One of Sierra County’s most experienced and competent mining men is Theophilus Berger, whose operations over a long period of years have gained for him an enviable reputation in the mining circles of the Sacramento Valley. He was born in Canton Berne, Switzerland, on the 8th of January, 1854, and is a son of John and Marguerite Berger. His grandfather, John Berger, was a sergeant in a regiment of dragoons, and for more than one hundred years the family were owners of landed estates in Canton Berne, were in their country’s military service, and held government positions of authority.
Theophilus Berger received a good education in the public schools of his native country and in young manhood came to the United States. He landed at New York City, where one of his sisters, Mrs. Marguerite Winter, was living. He remained in the eastern metropolis for some time, being employed as a bookkeeper and general office man for a hop importing house. In 1881 he came west to Nevada and entered the assay office of the Justice mines. After leaving that position he did a great deal of prospecting, and later obtained employment at the Comstock mine in Virginia City, Nevada. He gained such knowledge of mining methods and such proficiency as a mine operator that his employers sent him to Sierra City, California, to assume the superintendency of their Marguerite mine, near this place. He remained in charge of that mine for two years, during which time he sank a shaft three hundred and sixty feet deep and uncovered a lode of gold ore running twenty dollars a ton. However, this was turned into a stock-selling proposition and was mismanaged. After that Mr. Berger engaged in prospecting and discovered the Mountaineer gold mine, in the vicinity of Sierra City. He sloped this mine for a distance of three thousand feet, but it also became a stock proposition. At present he has an option on the Marguerite and the Young America gold mines, situated two and six miles, respectively, from Sierra City. Both mines are rich in gold-bearing ore, needing only the requisite capital to put them on a paying basis.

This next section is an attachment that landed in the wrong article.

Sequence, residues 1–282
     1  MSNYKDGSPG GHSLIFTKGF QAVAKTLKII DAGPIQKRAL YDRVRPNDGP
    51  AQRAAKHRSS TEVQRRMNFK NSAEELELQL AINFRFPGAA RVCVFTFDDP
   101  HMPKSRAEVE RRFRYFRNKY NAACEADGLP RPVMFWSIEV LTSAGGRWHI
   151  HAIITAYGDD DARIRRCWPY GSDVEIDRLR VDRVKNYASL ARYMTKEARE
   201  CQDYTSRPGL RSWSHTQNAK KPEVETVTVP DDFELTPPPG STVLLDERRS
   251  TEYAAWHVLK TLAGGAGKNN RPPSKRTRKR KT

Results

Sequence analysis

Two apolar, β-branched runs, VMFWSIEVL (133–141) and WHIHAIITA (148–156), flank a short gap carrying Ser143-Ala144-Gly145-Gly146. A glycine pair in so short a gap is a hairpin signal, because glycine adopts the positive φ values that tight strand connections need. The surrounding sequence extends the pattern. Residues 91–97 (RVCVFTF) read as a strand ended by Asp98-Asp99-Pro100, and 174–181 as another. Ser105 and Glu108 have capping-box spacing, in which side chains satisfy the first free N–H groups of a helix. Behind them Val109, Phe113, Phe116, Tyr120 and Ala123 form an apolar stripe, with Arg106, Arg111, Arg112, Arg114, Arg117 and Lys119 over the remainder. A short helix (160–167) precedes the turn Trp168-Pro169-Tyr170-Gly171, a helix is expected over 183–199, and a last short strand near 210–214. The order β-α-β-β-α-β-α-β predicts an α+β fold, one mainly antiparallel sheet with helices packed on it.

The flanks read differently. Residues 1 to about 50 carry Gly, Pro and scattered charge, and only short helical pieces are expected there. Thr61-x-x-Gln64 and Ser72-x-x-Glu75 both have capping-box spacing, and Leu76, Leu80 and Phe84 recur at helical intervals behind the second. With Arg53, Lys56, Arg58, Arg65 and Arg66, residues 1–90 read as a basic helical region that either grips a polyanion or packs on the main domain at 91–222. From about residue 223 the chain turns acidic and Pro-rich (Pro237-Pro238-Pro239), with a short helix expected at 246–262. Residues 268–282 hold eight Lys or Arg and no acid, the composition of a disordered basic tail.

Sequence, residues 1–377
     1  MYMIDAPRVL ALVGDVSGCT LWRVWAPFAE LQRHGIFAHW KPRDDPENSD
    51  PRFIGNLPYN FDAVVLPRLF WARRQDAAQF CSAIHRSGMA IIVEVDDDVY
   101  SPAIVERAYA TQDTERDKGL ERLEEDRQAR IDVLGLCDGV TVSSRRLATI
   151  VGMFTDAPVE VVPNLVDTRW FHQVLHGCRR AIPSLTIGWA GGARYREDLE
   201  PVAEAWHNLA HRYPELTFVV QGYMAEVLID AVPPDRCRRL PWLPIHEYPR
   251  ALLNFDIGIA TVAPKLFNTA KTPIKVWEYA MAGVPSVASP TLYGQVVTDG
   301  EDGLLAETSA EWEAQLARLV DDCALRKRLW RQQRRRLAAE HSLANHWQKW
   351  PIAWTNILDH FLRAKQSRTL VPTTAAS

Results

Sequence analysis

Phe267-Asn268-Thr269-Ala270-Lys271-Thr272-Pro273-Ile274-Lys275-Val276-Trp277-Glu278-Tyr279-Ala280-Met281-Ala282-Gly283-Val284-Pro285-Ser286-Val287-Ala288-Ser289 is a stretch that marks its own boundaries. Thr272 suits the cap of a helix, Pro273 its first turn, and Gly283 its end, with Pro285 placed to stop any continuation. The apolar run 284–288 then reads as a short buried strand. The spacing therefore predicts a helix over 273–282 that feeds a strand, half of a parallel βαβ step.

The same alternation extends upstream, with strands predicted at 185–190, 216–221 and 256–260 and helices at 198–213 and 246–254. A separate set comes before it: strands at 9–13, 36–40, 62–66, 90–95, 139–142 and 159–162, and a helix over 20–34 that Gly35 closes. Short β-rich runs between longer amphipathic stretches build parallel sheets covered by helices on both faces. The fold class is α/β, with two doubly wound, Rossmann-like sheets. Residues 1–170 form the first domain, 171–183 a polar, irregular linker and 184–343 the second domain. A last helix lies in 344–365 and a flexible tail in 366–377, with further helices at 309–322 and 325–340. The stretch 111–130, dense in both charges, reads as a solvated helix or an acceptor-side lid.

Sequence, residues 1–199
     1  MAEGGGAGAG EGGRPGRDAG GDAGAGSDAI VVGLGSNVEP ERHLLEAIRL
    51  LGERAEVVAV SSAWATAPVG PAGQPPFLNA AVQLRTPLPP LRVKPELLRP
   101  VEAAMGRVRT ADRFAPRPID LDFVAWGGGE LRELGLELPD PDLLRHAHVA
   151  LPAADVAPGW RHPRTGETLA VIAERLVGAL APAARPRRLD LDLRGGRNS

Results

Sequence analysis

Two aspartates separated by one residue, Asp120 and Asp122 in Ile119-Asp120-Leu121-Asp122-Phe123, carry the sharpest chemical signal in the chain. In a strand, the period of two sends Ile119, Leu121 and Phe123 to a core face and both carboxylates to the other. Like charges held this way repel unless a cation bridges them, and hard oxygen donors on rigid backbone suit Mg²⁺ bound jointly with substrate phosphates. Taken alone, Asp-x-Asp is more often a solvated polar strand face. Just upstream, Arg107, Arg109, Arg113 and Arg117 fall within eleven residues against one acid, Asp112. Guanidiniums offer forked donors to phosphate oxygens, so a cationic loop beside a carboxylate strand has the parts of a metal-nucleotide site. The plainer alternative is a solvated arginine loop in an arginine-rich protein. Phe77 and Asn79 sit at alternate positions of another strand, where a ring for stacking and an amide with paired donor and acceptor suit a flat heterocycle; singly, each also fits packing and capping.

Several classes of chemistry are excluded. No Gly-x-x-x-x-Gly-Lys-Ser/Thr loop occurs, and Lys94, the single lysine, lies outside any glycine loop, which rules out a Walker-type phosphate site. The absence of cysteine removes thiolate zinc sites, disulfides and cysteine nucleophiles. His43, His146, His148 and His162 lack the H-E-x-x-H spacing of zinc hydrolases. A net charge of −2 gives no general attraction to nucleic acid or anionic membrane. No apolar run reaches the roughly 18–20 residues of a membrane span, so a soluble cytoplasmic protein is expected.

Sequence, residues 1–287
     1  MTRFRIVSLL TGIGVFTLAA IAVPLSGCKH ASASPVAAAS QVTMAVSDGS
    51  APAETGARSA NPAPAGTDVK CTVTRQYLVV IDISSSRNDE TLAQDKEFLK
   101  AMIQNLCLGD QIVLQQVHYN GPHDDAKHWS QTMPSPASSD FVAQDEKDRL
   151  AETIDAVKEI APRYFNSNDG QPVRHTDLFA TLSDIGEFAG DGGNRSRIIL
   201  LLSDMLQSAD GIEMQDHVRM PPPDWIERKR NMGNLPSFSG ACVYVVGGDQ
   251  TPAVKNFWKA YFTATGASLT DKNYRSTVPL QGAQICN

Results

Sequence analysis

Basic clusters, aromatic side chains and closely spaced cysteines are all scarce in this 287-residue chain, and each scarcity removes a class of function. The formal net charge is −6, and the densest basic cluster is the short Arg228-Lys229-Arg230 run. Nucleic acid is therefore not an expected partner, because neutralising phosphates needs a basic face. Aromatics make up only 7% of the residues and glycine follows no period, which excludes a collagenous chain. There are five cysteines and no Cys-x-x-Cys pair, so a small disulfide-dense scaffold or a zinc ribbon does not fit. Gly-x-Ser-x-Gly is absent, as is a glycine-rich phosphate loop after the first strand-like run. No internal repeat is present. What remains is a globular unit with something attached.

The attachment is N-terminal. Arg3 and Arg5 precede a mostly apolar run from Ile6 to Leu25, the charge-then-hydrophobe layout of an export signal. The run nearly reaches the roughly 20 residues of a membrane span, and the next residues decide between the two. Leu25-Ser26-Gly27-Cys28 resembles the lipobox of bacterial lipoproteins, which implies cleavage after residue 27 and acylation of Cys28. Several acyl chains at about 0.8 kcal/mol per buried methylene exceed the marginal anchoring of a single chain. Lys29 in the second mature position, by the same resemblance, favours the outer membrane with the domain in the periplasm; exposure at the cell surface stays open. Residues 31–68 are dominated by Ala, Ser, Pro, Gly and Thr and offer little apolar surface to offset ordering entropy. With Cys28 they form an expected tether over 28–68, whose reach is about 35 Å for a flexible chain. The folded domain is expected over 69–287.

Mr. Berger was married, at Sierra City, to Miss Mary Seitz, who is of German descent and was born in Downieville. They now have a very comfortable home in Sierra City, and they have had the following children: Thelma, Mrs. A. Nickels, of San Francisco, her husband is a traffic officer for the Southern Pacific Railway Company; Victor, who was accidentally drowned at the Mountaineer mine at the age of fourteen years; Mrs. J. W. Wright, whose husband is manager of the Feather River Lumber Company at Delleker, California; Mrs. Louis Nestler, at 3220 Covington Street, Oakland; Edwin, mill man for the Murchie mine at Nevada City, California; Herbert T., a marine engineer who is now chief engineer on the Matson Steamship Company’s liner, “Golden Harvest,” plying between San Francisco, Australia and Tahiti; and John Ralph, who is a member of the firm of W. A. Stinson Company, of Elko, Nevada, wholesale and retail dealers in general merchandise.
Mr. Berger maintains an independent attitude in political affairs, and he is keenly interested in all things which have a bearing on the welfare and prosperity of his home community. He has lived here for many years, enjoys an extensive acquaintance and is uniformly regarded as one of Sierra City’s best citizens.
Transcribed by Gerald Iaquinta.
Source: Wooldridge, J.W.Major History of Sacramento Valley California, Vol. 3 Pages 345-346. Pioneer Historical Publishing Co. Chicago 1931.
© 2010 Gerald Iaquinta.
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